Did we really need Jimmy Carter to tell us that racism is one of the driving forces behind the relentless and often scurrilous attacks on President Barack Obama? We didn't know that? As John McEnroe might say, "You can't be serious!"
"There is an inherent feeling among many in this country that an African-American should not be president," said Carter. I guess he was aiming his remarks at those who contended when Obama was elected that we had achieved some Pollyannaish postracial society. But it's hard to imagine, after all the madness and vitriol of the past few months, that anyone still believes that.
For many white Americans, Barack Obama is nothing more than that black guy in the White House, and they want him out of there. (Carter knows a little something about kowtowing to that crowd. During his presidential campaign in 1976, he blithely let it be known that he had no problem with residents "trying to maintain the ethnic purity of their neighborhoods," and he tossed around ugly terms like "black intrusion" and "alien groups." He later apologized.)
More than three decades later we have Sherri Goforth, an aide to a Republican state senator in Tennessee, sending out a mass e-mail of a cartoon showing dignified portraits of the first 43 presidents, and then representing the 44th - Obama - as a spook, a cartoonish pair of white eyes against a black background.
When a gorilla escaped from a zoo in Columbia, a longtime Republican activist, Rusty DePass, described it on his Facebook page as one of Michelle Obama's ancestors.
Among the posters at the recent gathering of conservative protesters in Washington was one that said, "The zoo has an African lion and the White House has a lyin' African."
These are bits and pieces of an increasingly unrestrained manifestation of racism directed toward Obama that is being fed by hate-mongers on talk radio and is widely tolerated, if not encouraged, by Republican Party leaders. It's disgusting, and it's dangerous. But it's the same old filthy racism that has been there all along and that has been exploited by the GOP since the 1960s.
I have no patience with those who want to pretend that racism is not an out-and-out big deal in the United States, as it always has been. We may have made progress, and we may have a black president, but the scourge is still with us. And if you needed Jimmy Carter to remind you of that, then you've been wandering around with your eyes closed.
Glenn Beck, one of the moronic maestros of right-wing radio and TV, assures us that Obama "has a deep-seated hatred for white people." Some years ago, as the watchdog group Media Matters for America points out on its Web site, Beck said he'd like to beat Rep. Charles Rangel "to death with a shovel."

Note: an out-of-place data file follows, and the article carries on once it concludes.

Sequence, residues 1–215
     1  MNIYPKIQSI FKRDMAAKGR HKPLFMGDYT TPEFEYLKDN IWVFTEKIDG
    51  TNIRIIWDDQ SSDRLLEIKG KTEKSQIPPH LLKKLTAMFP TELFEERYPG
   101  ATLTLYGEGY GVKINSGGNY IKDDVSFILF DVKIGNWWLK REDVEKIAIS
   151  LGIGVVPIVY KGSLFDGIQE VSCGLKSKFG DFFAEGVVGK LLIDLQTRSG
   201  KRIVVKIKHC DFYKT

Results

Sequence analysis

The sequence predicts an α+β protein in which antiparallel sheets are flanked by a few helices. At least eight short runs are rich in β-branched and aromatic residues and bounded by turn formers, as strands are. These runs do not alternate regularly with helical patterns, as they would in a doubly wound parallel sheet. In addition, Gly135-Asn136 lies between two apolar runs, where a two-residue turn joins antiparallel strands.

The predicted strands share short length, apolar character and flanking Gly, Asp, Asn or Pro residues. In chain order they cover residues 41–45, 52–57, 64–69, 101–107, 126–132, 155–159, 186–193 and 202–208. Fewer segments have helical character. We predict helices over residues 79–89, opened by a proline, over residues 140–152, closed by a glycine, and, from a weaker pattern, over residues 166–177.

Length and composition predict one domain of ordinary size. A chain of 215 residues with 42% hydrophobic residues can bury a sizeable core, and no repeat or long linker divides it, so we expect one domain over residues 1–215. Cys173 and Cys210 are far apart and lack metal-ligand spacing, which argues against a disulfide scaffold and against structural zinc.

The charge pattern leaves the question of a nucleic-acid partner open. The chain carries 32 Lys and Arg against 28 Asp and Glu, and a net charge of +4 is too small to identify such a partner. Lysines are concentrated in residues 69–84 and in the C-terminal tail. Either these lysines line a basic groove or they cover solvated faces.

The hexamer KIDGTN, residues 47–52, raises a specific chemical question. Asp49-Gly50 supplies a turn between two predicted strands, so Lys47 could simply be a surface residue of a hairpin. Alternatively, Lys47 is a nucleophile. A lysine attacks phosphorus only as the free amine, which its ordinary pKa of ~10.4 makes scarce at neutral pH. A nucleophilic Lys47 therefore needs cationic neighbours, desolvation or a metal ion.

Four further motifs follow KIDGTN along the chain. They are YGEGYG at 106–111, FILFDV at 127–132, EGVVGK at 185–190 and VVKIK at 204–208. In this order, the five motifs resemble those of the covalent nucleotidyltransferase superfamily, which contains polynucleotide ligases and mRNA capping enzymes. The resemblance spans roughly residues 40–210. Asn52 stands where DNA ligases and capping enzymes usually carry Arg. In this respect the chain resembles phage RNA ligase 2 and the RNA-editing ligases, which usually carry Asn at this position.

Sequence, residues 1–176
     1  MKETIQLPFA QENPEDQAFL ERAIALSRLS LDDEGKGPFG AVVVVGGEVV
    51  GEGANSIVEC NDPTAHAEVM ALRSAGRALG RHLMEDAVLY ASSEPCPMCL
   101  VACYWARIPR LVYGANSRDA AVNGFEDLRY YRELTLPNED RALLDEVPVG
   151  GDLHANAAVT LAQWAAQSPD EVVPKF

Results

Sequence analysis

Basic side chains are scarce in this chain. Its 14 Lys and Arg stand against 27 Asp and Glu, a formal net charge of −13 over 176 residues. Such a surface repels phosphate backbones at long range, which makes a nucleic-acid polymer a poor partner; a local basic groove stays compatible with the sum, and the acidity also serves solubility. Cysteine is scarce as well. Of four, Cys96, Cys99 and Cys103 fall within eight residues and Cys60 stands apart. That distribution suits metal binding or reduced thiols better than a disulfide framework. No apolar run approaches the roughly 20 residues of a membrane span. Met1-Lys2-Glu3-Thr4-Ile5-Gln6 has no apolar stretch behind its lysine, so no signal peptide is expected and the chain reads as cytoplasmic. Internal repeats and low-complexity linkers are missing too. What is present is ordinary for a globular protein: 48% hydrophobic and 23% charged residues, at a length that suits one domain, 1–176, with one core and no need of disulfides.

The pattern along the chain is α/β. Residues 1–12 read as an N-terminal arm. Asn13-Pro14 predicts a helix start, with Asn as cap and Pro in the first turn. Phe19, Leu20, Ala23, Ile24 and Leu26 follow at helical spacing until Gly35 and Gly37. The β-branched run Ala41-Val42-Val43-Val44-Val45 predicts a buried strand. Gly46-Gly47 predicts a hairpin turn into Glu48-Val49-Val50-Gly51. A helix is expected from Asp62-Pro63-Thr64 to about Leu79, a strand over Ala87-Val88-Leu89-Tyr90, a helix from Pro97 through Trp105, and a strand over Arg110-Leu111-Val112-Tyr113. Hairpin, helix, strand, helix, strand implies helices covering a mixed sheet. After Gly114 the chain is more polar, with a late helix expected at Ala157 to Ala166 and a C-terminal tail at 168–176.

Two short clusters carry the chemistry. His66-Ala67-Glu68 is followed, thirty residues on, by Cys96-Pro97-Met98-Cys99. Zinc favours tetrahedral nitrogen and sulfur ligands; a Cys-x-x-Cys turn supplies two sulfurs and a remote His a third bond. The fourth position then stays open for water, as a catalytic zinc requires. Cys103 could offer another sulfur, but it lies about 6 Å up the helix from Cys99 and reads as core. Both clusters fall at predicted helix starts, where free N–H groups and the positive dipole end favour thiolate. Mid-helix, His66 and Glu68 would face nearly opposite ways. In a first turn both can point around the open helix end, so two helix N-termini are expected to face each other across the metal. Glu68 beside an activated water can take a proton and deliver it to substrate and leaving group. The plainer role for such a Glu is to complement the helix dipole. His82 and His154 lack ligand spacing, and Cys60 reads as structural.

There is nothing new about this racist rhetoric. Back in the 1970s, Rush Limbaugh told a black caller: "Take that bone out of your nose and call me back."
But the fact that a black man is in the White House has so unsettled much of white America that the lid is coming off the racism that had been simmering at dangerously high temperatures all along.
Eric Boehlert, a senior fellow with Media Matters, said, "If someone had told me in February that there would be mainstream allegations that Obama was a racist and a fascist and a communist and a Nazi, I wouldn't have believed it."
Republicans have been openly feeding off of race hatred since the days of Dick Nixon. Today's conservative activists are carrying that banner proudly. What does anybody think is going on when, as Anderson Cooper pointed out on CNN, one of the leaders of the so-called tea party movement, Mark Williams, refers to the president of the United States as an Indonesian Muslim turned welfare thug, and a racist in chief?
After all these years of race-baiting and stirring the pot of hatred for political gain, it's too much to ask the leaders of the Republican Party to step forward and denounce this spreading stain of reprehensible conduct. Republicans are trying to ride that dependable steed of bigotry back to power.
But it's time for other Americans, of whatever persuasion, to take a stand, to say we're better than this. They should do it because it's right. But also because we've seen so many times what can happen when this garbage gets out of control.
Think about the Oklahoma City bombing, and the assassinations of King and the Kennedys. On Nov. 22, 1963, as they were preparing to fly to Dallas, a hotbed of political insanity, President John F. Kennedy said to his wife, Jaqueline: "We're heading into nut country today."